I know another effort that you have. With your guidance, we are going to form an executive committee for equity, diversity and inclusion. That committee will have an initial focus. What we've talked about as an initial charge for the executive committee for equity, diversity and inclusion is a focus on policies and long-standing practices that perpetuate racism and white privilege at the University of Utah.
How do you see that work going forward? Who are the people who will be on this committee and are in some ways empowered to identify those problematic policies and practices and help us drive change?
Mary Ann Villarreal: Well, the key piece to the makeup of this committee is that it allows the new division of Equity, Diversity, and Inclusion to have opportunity to have partners at the table who come to us rather than having me, as an individual, going out to all divisions to learn what is happening across campus and to get input. And in this, through this committee, we'll have the senior-level decision makers and influencers looking, at this case, at policies and practices. One of the challenges with policies and practice is that while we recognize they are gatekeepers, that they're used for practices of exclusion, we also maintain that they keep us around conversations of quality. So, this team really has to be the team to disrupt what we mean by equality. And to acknowledge that often policies are invested in a particular identity.
And so to be an inclusive campus means that we have to look at the language of policy. We have to look at the assumption of policy. Some of them are long-standing, some of them may have worked for us for quite a while, but the “us” has become much smaller in this process. So, this is a team that I believe will be one that is influential and really being willing to interrogate—not just the policy—but how we talk about policy, how we implement policy and our expectations around policy which then is what defines how it is that we live in practice. I anticipate it's going to be a lively group and one that is very committed to making the U an inclusive campus.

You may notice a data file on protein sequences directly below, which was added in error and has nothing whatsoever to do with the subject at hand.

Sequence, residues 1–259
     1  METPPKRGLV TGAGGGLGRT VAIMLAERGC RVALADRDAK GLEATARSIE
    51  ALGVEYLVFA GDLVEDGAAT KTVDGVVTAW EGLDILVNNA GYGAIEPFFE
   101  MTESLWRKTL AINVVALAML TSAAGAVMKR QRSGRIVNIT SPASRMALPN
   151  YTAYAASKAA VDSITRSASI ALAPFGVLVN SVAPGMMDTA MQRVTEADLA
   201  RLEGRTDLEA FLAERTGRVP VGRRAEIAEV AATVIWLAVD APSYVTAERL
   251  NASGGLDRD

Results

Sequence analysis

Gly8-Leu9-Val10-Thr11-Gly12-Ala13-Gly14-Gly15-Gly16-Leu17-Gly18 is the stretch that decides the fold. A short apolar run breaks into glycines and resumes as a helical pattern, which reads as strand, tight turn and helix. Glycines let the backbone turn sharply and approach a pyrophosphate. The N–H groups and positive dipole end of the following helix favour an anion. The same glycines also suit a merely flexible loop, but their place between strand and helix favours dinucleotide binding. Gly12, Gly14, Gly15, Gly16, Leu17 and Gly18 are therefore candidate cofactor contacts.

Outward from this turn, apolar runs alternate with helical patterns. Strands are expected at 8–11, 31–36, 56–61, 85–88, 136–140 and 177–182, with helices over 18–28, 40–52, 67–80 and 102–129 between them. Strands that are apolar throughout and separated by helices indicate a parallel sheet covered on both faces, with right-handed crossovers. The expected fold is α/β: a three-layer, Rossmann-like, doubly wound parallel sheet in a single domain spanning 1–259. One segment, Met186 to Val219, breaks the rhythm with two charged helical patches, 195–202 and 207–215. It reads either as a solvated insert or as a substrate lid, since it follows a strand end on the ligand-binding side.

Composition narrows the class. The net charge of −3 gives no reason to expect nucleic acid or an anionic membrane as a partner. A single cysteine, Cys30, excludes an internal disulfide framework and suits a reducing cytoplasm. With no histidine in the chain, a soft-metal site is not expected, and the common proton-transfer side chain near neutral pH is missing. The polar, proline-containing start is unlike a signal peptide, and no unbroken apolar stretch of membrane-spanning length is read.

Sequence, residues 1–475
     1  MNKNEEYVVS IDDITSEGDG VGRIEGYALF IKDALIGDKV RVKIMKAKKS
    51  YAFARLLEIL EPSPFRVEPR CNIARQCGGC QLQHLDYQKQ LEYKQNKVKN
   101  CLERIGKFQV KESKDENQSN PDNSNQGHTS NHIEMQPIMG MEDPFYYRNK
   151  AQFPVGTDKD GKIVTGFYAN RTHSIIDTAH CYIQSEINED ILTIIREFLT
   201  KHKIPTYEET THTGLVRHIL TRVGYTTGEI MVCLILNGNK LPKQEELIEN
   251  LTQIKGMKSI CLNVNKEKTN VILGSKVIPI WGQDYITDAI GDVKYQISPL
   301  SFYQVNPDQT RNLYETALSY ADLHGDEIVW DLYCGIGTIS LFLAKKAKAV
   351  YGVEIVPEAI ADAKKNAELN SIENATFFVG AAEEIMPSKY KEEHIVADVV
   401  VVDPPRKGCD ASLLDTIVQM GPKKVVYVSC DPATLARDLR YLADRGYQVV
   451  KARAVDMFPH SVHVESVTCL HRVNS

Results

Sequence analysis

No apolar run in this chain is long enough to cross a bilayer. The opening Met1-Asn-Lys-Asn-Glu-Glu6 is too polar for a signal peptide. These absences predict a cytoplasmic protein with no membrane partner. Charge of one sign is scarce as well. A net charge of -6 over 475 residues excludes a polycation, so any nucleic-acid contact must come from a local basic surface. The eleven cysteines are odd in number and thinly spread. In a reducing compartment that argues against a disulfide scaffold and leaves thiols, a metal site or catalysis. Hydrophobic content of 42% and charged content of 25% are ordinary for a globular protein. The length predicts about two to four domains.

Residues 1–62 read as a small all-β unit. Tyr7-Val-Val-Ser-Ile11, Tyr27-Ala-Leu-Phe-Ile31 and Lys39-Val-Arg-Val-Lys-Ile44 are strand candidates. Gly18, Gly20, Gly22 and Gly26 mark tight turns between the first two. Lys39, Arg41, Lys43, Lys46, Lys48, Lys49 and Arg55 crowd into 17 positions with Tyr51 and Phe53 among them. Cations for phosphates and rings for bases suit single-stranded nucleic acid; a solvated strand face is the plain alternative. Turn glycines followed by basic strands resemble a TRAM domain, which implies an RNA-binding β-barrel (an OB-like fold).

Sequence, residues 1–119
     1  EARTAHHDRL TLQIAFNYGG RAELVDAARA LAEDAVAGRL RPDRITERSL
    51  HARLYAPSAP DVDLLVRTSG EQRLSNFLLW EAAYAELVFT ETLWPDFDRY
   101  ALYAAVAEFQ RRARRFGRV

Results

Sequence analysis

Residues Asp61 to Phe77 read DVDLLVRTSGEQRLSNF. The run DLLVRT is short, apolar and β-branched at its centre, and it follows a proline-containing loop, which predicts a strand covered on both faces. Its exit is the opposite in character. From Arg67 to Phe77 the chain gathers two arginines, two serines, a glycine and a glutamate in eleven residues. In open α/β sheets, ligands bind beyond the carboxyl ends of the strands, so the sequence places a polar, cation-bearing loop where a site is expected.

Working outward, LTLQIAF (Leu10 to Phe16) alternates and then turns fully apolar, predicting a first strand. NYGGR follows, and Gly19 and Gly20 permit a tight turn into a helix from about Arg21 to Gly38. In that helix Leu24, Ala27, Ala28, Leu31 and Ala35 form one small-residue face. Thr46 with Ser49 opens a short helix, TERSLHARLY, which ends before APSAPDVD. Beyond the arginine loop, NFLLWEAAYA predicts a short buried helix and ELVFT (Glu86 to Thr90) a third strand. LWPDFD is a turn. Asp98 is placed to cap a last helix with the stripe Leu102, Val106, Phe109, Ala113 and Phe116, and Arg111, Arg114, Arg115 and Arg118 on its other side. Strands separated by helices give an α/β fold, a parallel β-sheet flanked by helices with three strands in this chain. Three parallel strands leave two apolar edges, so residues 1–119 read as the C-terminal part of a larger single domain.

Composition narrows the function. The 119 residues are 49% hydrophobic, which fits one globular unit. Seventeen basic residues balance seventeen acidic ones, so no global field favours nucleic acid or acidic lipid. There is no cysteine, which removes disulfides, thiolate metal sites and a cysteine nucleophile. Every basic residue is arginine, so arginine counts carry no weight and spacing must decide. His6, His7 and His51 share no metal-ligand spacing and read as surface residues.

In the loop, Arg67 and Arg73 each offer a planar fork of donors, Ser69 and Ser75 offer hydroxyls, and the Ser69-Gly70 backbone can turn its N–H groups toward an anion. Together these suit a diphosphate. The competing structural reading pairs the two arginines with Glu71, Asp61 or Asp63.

President Watkins: Yeah, let's dig into that a little bit because I think you've really touched on some very vital issues and my own belief would be that there are policies that serve as barriers. And then there are also unwritten things that we do and say that really become part of everyday practice that aren't really codified anywhere but are equally problematic. So maybe we can talk about hiring and recruitment a little bit specifically, because I think that'll help listeners understand the kinds of things we're talking about identifying and really trying to change.
We've had a faculty diversity hiring initiative, roughly 2014 to 2017 or 18, and it was very effective. We brought more diversity to our faculty through that initiative. At the same time, perhaps we didn't really address underlying principles and practices in how we hire, recruit, welcome people to the university that could be problematic. Do you have any examples of the kinds of practices and policies on hiring that might really serve as barriers to true diversity, equity and inclusion?